Conservative lawyer John Yoo is among the latest legal voices to raise doubts about President Donald Trump's attempts to reverse the result of the 2020 election with claims of voter fraud.
"He has the right to mount legal challenges, but we should be clear that these are 'Hail Mary' passes we might think of in American football," Yoo, a former legal advisor to the George W. Bush administration, told CNBC's "Capital Connection" on Thursday.
Several lawsuits are underway in six battleground states that Democratic President-elect Joe Biden won, but only closely. One challenge has successfully triggered a full vote recount in Georgia, where Biden led by 14,000 of nearly 5 million votes cast and 99% of the expected vote counted.
The suits are an attempt from Trump's campaign to invalidate ballots cast for Biden, as Trump refuses to concede the election, alleging — so far without evidence — widespread voter fraud and a "stolen" election aided by a historically large volume of mail-in ballots.
"None of these cases really look like they have a very high probability of winning," Yoo said. "On the other hand, I think that Trump has every right to try and demand that all the states be sure about the votes, so that we all have confidence in the election. But I'll say, looking at past cases, these are very hard cases to prove and generally they don't result in changes in the votes totals on the order by which President Trump lost to Joe Biden."
Yoo is not a typical Trump critic: a renowned constitutional law scholar and Berkeley law professor, he is known as a strong advocate of executive power and has previously advised the Trump administration on how to bypass Congress to enact its own policies.
Yoo has authored works including the so-called torture memos, which in the early 2000s gave legal justification for former President George W. Bush's use of torture on detainees following the 9/11 attacks. Members of Bush's own Justice Department later repudiated Yoo's arguments. His "unitary executive" theory argued that presidents have the authority to assert their power over independent government agencies.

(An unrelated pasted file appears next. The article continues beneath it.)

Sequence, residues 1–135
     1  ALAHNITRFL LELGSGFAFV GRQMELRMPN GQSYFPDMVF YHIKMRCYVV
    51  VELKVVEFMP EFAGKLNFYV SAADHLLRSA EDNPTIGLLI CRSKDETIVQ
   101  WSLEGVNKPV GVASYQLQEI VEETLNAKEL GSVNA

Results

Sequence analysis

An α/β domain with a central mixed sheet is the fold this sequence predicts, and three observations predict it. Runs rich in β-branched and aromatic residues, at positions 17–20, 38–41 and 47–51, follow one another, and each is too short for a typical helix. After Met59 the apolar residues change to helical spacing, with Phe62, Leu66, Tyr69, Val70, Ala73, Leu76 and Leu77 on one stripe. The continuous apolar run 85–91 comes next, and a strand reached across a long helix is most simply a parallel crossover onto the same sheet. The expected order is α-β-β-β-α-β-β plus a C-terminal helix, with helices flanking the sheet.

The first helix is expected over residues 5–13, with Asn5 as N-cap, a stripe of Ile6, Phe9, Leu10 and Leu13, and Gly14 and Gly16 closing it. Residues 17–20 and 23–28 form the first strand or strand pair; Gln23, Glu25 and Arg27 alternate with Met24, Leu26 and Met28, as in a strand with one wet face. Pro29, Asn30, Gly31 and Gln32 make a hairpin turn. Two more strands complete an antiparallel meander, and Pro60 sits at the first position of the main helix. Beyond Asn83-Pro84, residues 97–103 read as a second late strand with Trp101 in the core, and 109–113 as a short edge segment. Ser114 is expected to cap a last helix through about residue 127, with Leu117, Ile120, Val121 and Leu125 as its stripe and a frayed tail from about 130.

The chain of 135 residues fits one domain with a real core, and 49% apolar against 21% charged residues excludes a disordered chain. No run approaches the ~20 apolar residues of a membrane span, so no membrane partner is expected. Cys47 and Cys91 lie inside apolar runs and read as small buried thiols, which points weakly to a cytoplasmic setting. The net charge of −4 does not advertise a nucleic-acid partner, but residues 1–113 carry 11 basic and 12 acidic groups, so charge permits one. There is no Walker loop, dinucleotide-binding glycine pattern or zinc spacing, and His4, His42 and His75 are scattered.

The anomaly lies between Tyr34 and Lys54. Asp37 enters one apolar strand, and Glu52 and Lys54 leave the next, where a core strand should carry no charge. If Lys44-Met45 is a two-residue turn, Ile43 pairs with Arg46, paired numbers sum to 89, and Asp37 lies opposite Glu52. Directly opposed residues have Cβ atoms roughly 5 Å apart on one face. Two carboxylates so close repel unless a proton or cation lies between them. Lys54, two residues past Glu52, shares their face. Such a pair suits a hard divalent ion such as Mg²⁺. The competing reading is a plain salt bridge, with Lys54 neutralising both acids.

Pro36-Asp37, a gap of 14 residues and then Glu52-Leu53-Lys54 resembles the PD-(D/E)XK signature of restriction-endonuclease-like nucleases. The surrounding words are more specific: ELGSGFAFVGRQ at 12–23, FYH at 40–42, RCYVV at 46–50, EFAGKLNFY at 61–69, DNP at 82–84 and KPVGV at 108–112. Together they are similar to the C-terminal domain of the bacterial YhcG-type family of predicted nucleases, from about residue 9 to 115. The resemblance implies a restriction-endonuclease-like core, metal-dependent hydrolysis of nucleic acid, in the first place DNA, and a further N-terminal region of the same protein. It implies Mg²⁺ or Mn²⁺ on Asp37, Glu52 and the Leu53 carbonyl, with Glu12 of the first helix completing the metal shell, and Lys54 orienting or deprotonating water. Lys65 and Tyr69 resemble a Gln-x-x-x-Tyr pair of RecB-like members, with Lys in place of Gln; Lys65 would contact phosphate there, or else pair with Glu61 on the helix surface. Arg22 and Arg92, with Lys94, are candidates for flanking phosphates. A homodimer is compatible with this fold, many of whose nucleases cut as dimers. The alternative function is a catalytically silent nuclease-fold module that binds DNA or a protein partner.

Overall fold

Yoo said there is no argument that enables the president to sidestep the Constitution once his term has ended as decided by the states' electoral votes.
He then offered an answer to the question many have been asking: What if Trump refuses to ever concede?
"He may never concede; he doesn't have to concede," Yoo said. "The thing about the American Constitution is that it doesn't actually require the sitting president to do anything one way or the other. On January 20th, Donald Trump's term ends and Joe Biden's, I believe, will begin."
According to the 20th Amendment to the Constitution, the candidate with the most electoral votes becomes president at noon on Jan. 20. The current president's term is therefore over on that day, just before noon.
"And yeah, he could say 'I'm not leaving, I'm not conceding' — but at that time at noon on January 20, he's no longer the president," Yoo said, "and all of the allegiance of the government, of the military, of the civil service, switches to the winner of the November 3 election, who I think is going to be Joe Biden. And then he will become the president and Donald Trump will become a private citizen, regardless of anything Donald Trump does."
NBC News reported on Wednesday that there is growing expectation among Trump's advisors that he will never concede the loss, even when ballots are certified in coming weeks around the country.
"Do not expect him to concede," a top Trump aide told NBC. It is more likely, the aide said, that "he'll say something like, 'We can't trust the results, but I'm not contesting them.'"
So what are Trump's chances of winning these legal challenges and invalidating tens of thousands of what his team alleges are "illegal votes"?
Yoo chalks up those chances at "10% or less."
"We haven't seen a recount in a presidential election turn anything like 10,000 to 20,000 votes difference and across multiple states," he said. And Trump doesn't just have overturn results in one state; he would have to see significantly changed vote totals in Georgia, Arizona, and Pennsylvania. "It's very, very unlikely."
Of the more than dozen election lawsuits that Republican entities have filed in swing states as of Monday, about a half dozen cases have either been denied, dismissed, settled or withdrawn. In at least two cases, that was due to court findings that the Republicans had failed to provide a factual basis or any evidence for their claims, according to a summary of legal proceedings compiled by NBC News.
In every nationwide election, there will be some cases of voter fraud "here and there," he added. The problem for Trump, however, is that "you don't have any proof of something systematic — something with large enough numbers that would make a difference here where Joe Biden has won tens of thousands of votes."
Yoo's advice to Trump? "Look: You have the right to make sure all votes are counted correctly, ask for recounts. It's actually good for everybody to have confidence in the vote total. But at the same time, I would say start allowing the transition to occur."
"The constitutional process is going to start moving forward toward a January 20th inauguration," he added. "And it would be good for the country and good for President Trump to start the transition process so that Joe Biden can get the country going as soon as he takes over in about a month and a half."
—CNBC's Dan Mangan contributed to this report.